ACA large employer compliance white paper

Controlling Costs Under the Affordable Care Act: A Guide For Large Employers

Large companies subject to the ACA requirements have been working on compliance with the Act since its passage and seeking to improve their employee offerings. Companies with fifty or more full-time employees or full-time equivalents must meet the standards for coverage and affordability. In addition, ALEs (applicable large employers) must offer compliant coverage to at least 95 percent of their workers, plus employees’ children who are not yet 26 years old.

Coverage meets the affordability requirement for 2023 if the employee contribution for individual coverage costs less than 9.12 percent of their household income. The employer does not have to meet the affordability standard for dependents. Still, new legislation allows dependents to obtain coverage through a marketplace plan using premium tax credits if they can’t get affordable policies through the employer.

Depending on your business’s size and financial structure, you may want to consider these strategies to reduce the financial strain of providing benefits under the Affordable Care Act.

  1. Some large companies are successfully shifting to self-funded plans to offer affordable coverage to their employees. To ensure compliance with the affordability provisions, employers can use the safe harbor examples the ACA allows. There are three ways to employ the safe harbor qualifications for affordability:
  • Form W-2 wages safe harbor
  • Rate of pay safe harbor
  • Federal poverty line safe harbor

Companies like self-funding because it offers an opportunity to save money and improve cash flow. The company pays directly for the medical claims that workers submit, usually through a third-party administrator.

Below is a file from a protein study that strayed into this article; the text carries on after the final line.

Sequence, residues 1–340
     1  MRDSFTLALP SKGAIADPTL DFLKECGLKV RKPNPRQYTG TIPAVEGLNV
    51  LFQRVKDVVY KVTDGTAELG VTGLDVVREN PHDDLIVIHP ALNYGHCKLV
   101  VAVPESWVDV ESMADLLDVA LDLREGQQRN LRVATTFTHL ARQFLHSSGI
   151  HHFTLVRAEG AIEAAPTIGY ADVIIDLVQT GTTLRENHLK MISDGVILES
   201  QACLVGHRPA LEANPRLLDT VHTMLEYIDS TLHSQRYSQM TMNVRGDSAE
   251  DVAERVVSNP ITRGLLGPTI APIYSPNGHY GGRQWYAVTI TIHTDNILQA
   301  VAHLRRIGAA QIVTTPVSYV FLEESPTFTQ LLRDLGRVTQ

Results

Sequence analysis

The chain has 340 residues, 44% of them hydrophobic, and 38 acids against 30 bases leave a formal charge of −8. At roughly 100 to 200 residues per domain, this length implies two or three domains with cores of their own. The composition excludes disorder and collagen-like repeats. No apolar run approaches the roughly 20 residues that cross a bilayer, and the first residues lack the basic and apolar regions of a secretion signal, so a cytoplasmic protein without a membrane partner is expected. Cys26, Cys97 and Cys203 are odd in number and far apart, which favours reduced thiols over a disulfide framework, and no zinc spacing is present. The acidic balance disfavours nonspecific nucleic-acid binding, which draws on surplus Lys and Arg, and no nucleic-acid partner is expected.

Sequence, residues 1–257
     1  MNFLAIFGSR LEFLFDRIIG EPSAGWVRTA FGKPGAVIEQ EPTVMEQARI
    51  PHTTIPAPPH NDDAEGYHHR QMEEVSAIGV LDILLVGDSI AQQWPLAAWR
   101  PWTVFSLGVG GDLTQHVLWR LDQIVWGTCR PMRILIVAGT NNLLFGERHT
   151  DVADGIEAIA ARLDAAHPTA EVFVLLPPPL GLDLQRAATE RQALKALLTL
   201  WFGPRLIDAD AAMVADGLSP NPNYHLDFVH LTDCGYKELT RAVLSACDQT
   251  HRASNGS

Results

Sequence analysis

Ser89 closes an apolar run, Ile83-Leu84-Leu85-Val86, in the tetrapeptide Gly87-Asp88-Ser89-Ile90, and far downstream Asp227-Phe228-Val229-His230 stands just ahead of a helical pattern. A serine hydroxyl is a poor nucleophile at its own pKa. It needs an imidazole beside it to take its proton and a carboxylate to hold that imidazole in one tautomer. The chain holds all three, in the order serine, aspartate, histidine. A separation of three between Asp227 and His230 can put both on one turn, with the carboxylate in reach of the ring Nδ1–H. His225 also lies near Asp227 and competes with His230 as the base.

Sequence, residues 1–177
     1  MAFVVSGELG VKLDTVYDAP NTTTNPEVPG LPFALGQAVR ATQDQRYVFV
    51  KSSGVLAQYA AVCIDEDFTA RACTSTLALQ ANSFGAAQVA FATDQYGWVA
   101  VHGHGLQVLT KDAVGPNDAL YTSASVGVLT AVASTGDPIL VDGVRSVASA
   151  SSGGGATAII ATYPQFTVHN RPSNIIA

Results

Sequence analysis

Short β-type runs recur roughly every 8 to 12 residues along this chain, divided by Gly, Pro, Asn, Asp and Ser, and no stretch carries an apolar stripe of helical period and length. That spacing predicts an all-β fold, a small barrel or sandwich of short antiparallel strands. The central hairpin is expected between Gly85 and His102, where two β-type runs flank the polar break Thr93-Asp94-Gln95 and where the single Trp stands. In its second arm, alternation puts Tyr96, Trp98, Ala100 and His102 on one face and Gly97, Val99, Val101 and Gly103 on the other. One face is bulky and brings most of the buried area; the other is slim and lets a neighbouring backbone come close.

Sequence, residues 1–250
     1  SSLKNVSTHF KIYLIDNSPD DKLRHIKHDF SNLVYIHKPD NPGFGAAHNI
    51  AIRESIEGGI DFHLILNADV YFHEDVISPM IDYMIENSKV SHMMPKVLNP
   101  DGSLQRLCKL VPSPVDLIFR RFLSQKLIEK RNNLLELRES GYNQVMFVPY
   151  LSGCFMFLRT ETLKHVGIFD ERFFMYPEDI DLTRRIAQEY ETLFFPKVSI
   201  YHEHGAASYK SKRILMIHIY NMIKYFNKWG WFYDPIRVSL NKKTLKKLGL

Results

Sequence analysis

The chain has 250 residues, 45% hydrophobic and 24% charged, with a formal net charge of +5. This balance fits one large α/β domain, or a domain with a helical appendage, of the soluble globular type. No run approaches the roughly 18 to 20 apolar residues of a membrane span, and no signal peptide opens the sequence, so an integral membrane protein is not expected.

1. Some companies are implementing progressive premium charges. Under this paradigm, higher-paid workers pay more for coverage than lower-paid employees. In each case, the premium complies with the ACA’s affordability stipulations but allows the company to reduce its responsibility by charging some workers more.
  2. Companies may provide employees with a choice between plans if at least one of the selections meets the affordability and coverage requirements. That means the policy must pay for at least 60 percent of the anticipated costs for a typical subscriber and incorporate the ACA’s ten essential benefit areas. For example, a company could offer a bronze-designated plan that falls under the premium allowed as a percentage of income but give workers an option to pay a higher premium for a more comprehensive policy.


Written by Todd Taylor

Todd Taylor

Todd Taylor oversees most of the marketing and client administration for the agency with help of an incredible team. Todd is a seasoned benefits insurance broker with over 35 years of industry experience. As the Founder and CEO of Taylor Benefits Insurance Agency, Inc., he provides strategic consultations and high-quality support to ensure his clients’ competitive position in the market.

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